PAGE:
Work Hard, Play Hard: The Benefits of Working at a Hedge Fund

May 20, 2015

Everyone talks about how much CEOs make. Lloyd Blankfein, the CEO of Goldman Sachs, made $23 million in 2013. He was the highest paid CEO on Wall Street. Congratulations to Mr. Blankfein, but his annual compensation is just one week’s compensation for some hedge fund managers. John Paulson (Paulson & Co.), George Soros (Soros Fund Management), James Simons (Renaissance Technology), and Philip Falcone (Harbinger Capital Partners) all make over $1 billion per year. The employees at these firms, including traders, analysts, and attorneys, are some of the highest paid professionals in the entire financial sector. Even if you are a relatively “small” manager in the hedge fund industry, you are still looking at $5-$10 million per year, which is more than most people make in a lifetime.

The average hedge fund manages $170 million and receives at least a 1% management fee every year, along with 20% of any gains. If a fund achieves a 15% return, they would receive $6.8 million from $170 million of assets. Hedge funds often receive a tremendous amount of attention in the press. The hedge fund life includes chauffeurs, private jets, the best cuisine, vast art collections, and hotel-sized mansions. In 2011, David Tepper bought a $44 million oceanfront mansion in the Hamptons. Then he demolished it so he could build one twice the size. It has two hot tubs, a large fountain, a gazebo, and a tennis court. The largest hedge fund managers can afford to destroy mansions to build even larger ones with more features.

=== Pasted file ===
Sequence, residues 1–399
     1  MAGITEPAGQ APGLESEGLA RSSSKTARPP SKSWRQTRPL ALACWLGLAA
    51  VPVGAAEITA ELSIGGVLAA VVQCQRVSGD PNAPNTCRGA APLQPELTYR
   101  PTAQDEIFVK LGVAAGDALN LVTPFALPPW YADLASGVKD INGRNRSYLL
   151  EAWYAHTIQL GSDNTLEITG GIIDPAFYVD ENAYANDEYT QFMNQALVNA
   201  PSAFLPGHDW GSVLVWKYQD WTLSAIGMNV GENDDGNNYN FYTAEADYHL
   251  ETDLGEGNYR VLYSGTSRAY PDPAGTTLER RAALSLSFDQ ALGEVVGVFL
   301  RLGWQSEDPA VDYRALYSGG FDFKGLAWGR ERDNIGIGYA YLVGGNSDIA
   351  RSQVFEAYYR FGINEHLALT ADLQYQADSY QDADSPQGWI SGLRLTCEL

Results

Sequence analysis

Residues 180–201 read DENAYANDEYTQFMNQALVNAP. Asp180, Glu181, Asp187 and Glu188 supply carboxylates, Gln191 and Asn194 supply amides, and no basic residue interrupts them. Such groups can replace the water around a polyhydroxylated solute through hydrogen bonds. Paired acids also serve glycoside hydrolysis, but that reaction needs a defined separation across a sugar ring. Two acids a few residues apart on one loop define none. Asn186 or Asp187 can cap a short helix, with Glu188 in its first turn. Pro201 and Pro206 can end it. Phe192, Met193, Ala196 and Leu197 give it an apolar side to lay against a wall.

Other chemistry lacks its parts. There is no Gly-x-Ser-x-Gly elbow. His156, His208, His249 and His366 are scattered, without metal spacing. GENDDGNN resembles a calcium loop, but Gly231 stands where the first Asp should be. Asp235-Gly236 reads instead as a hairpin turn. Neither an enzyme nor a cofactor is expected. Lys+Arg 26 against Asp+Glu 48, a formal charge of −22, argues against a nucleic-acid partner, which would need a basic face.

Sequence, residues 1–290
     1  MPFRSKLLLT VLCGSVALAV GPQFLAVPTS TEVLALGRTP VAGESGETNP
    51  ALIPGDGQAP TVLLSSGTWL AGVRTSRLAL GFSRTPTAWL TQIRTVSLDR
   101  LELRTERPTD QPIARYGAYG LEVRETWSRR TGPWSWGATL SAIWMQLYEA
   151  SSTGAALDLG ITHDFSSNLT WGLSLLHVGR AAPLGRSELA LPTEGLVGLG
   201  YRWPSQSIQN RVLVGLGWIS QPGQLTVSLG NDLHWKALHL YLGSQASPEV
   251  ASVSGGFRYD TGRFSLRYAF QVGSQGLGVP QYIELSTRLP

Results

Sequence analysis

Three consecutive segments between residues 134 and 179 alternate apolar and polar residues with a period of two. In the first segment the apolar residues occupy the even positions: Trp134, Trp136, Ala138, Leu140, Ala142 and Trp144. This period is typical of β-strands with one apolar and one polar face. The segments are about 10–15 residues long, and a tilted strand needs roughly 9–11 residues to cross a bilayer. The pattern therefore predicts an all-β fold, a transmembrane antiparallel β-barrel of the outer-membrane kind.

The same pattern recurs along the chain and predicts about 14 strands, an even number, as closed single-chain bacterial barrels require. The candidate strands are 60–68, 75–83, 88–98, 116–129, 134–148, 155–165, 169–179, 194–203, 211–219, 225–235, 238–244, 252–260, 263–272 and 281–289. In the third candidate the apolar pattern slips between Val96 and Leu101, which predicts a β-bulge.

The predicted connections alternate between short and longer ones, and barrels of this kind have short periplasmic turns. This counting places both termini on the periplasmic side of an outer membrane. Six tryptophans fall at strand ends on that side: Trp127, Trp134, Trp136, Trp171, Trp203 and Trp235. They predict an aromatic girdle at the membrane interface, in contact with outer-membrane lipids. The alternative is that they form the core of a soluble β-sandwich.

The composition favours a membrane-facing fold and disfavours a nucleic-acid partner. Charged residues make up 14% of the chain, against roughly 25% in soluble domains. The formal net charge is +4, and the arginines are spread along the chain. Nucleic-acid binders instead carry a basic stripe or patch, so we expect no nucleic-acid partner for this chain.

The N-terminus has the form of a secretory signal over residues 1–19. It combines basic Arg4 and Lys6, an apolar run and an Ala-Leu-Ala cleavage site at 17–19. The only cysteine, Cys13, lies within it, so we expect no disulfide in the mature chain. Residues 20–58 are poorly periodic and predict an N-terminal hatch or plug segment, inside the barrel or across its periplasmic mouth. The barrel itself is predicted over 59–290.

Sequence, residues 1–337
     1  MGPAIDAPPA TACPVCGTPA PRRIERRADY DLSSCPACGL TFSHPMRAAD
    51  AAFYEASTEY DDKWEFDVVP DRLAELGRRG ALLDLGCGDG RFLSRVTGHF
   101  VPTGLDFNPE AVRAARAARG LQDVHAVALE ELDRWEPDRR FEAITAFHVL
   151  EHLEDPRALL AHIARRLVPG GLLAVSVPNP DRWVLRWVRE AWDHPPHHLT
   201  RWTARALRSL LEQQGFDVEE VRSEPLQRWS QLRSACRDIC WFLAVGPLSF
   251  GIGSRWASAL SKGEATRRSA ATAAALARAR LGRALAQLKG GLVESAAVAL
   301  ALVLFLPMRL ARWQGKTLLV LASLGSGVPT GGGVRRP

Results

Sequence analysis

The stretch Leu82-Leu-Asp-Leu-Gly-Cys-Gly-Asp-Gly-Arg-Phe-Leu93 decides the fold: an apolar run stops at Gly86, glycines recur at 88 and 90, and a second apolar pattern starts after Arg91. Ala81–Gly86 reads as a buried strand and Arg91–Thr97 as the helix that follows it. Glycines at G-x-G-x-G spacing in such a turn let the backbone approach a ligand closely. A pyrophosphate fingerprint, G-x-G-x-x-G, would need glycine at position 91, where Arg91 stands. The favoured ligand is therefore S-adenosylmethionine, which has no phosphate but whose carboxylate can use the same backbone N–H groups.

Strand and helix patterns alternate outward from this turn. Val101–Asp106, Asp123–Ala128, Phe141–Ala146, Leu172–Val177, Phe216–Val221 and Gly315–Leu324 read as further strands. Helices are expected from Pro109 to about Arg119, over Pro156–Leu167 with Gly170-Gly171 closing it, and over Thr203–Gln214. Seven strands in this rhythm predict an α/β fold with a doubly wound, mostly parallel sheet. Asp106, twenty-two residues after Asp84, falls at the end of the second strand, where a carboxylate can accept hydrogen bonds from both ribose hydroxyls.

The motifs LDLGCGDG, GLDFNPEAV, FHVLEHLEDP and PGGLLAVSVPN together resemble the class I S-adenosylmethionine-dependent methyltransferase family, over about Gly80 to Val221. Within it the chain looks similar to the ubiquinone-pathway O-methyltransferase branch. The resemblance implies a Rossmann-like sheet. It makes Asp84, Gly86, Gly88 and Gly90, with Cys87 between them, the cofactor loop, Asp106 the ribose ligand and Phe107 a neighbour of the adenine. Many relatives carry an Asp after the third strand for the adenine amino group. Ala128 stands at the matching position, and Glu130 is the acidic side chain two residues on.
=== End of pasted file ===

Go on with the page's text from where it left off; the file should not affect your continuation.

The work-life balance at hedge funds is surprisingly good. The financial industry is infamous for its 80-hour work weeks, especially for investment bankers, who often stay late to work out the details for a new deal. While hours at hedge funds can fluctuate occasionally, they are nowhere near the amount of hours put in by investment bankers and other financial professionals. The hours tend to more closely reflect those of a more traditional job.

Besides financial benefits, there is an enormous reputational bonus for working at a hedge fund. You will be respected by professionals in other areas of the financial industry. Especially if you are at a larger firm, your name will really stand out. Some hedge fund managers are larger than life. They are more than just money managers – they are political activists, public figures, spokesmen, and philanthropists who can be spotted at charity dinners. They are not captains of industry – they are captains of life.

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